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Jay Currie

One Damn Thing After Another









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10/30/2004

Grandfathers

They celebrated Smokey Smith's 90th today. Our only living Victoria's Cross winner. A one man army in the Canadians' war in Italy. Here is a bit of his VC citation,
At a range of thirty feet and having to expose himself to the full view of the enemy, Private Smith fired the P.I.A.T. and hit the tank, putting it out of action. Ten German infantry immediately jumped off the back of the tank and charged him with Schmeissers and grenades. Without hesitation Private Smith moved out on the road and with his Tommy gun at point-blank range, killed four Germans and drove the remainder back. Almost immediately another tank opened fire and more enemy infantry closed in on Smith's position. Obtaining some abandoned Tommy gun magazines from a ditch, he steadfastly held his position, protecting his comrade and fighting the enemy with his Tommy gun until they finally gave up and withdrew in disorder.

One tank and both self-propelled guns had been destroyed by this time, but yet another tank swept the area with fire from a longer range. Private Smith, still showing utter contempt for enemy fire, helped his wounded friend to cover and obtained medical aid for him behind a nearby building. He then returned to his position beside the road to await the possibility of a further enemy attack.
veterans affairs
My own grandfather was not a one man army. He shipped out from a privileged life in Quebec City at the beginning of World War One. Served in the trenches for eight months more or less and then was lucky enough to obtain a Commission in the infant Royal Airforce. Pilot training included a crash which injured him severely enough that his own father took ship across the sub infested Atlantic to help him recuperate.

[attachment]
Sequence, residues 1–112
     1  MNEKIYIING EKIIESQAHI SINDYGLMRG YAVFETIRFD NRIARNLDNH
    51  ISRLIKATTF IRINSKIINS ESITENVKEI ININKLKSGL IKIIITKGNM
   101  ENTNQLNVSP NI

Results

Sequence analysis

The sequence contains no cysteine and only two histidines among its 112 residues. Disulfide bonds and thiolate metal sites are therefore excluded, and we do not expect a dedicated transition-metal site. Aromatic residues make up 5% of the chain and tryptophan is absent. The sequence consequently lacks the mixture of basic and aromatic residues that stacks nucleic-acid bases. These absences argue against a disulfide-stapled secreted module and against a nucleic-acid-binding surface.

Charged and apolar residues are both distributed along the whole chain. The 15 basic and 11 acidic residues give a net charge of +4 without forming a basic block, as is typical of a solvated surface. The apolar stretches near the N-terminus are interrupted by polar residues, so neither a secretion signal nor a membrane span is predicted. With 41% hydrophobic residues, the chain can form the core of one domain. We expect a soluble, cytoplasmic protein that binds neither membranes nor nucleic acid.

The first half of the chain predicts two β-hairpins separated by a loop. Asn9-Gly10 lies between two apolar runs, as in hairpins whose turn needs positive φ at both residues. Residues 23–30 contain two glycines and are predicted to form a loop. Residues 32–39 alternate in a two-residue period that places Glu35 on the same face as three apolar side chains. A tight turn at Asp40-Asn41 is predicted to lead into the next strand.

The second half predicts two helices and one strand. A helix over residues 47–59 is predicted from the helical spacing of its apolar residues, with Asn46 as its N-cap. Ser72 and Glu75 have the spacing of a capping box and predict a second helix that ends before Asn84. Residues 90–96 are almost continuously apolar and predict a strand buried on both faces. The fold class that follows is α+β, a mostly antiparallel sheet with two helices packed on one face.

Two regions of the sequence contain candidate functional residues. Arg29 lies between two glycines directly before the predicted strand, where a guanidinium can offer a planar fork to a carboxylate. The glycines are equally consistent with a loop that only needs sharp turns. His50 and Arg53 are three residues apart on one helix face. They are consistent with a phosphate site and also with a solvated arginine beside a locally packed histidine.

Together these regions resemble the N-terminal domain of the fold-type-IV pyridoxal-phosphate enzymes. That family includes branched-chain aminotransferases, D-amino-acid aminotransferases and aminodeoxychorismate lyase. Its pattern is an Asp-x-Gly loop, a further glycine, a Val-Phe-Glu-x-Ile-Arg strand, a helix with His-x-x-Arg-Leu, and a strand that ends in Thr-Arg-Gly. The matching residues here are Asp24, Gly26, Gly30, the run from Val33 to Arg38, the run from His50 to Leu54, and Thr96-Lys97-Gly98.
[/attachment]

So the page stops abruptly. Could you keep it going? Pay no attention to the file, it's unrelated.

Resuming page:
Then he flew, and how he flew. No he wasn't the Brown who shot down von Richthofen. That was another Canadian. But Captain Frederic Elliott Brown flew well enough to be recognized WWI flying ace with ten kills to his credit. He flew well enough to win the Military Cross, twice, and the Croix de Guerre.

Here is the citiation for the first MC,
"For conspicuous gallantry and devotion to duty. Whilst leading a patrol of five machines, on observing four hostile scouts -diving on one of our formations, he at once engaged them, driving one of them down completely out of control, while his formation dispersed the others. Later, on sighting another hostile scout, he engaged it and forced it down spinning and out of control. While returning to his aerodrome, he observed an enemy two-seater, and, though his engine was running badly and might have failed him any moment, he attacked it and drove it down in a vertical nose dive. Previously to this he had driven down one other machine, which was seen to crash, and a third completely out of control. He is a most daring and skilful pilot." MC citation, Supplement to the London Gazette, 22 April 1918